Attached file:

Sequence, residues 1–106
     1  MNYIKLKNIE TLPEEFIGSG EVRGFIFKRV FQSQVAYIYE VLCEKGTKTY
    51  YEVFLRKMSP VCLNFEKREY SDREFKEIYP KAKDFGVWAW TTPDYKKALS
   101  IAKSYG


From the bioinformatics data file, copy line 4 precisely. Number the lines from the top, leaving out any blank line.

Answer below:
   101  IAKSYG